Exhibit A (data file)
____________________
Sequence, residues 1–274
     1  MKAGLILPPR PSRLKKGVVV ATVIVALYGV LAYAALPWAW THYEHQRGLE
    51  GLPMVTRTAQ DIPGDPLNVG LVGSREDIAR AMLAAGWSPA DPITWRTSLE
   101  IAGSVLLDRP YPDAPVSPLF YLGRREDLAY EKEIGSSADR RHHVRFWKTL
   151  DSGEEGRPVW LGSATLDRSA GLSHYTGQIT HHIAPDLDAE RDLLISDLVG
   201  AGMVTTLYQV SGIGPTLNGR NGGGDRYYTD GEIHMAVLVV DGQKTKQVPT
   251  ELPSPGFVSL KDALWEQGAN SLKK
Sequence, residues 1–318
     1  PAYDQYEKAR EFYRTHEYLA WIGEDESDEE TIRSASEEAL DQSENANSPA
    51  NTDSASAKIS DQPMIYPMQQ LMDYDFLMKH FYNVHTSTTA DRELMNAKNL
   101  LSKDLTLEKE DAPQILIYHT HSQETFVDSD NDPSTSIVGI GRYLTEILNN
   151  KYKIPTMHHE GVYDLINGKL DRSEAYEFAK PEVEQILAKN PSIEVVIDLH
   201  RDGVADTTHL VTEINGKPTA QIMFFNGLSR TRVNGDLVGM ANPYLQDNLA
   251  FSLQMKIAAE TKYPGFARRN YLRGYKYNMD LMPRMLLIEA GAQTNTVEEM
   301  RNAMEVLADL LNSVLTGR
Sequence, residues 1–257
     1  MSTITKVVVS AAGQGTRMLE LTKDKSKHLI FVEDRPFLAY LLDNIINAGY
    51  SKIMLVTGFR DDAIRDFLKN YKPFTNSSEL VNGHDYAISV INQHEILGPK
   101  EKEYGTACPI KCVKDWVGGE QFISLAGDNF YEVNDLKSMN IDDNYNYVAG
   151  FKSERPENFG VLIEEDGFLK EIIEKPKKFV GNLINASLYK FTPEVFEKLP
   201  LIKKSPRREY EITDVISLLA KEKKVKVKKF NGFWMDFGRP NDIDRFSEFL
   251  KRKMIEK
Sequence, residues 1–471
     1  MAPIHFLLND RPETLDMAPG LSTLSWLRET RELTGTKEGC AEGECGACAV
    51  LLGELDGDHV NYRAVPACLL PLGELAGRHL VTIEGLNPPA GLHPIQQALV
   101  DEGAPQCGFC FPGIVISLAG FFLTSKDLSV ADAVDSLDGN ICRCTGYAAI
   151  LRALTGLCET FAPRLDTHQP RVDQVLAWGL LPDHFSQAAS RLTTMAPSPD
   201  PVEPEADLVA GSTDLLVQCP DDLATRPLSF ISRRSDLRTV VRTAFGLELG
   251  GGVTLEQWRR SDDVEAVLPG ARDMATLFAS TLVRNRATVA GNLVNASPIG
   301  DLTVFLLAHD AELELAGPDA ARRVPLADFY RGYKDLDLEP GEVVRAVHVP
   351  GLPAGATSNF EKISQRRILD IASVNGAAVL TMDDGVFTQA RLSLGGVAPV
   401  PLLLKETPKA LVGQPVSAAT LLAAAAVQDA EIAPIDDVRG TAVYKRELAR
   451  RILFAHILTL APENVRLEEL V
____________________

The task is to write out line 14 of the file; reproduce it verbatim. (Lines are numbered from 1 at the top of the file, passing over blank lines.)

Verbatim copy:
   251  FSLQMKIAAE TKYPGFARRN YLRGYKYNMD LMPRMLLIEA GAQTNTVEEM